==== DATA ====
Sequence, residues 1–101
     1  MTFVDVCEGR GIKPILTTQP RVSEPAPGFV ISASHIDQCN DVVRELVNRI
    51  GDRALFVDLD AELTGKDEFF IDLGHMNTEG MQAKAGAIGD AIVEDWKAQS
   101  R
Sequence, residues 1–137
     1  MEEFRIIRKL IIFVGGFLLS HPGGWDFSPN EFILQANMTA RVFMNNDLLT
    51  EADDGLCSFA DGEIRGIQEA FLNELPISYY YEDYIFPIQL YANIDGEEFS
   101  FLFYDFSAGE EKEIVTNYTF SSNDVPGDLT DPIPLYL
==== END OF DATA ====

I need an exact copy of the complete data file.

Sequence, residues 1–101
     1  MTFVDVCEGR GIKPILTTQP RVSEPAPGFV ISASHIDQCN DVVRELVNRI
    51  GDRALFVDLD AELTGKDEFF IDLGHMNTEG MQAKAGAIGD AIVEDWKAQS
   101  R
Sequence, residues 1–137
     1  MEEFRIIRKL IIFVGGFLLS HPGGWDFSPN EFILQANMTA RVFMNNDLLT
    51  EADDGLCSFA DGEIRGIQEA FLNELPISYY YEDYIFPIQL YANIDGEEFS
   101  FLFYDFSAGE EKEIVTNYTF SSNDVPGDLT DPIPLYL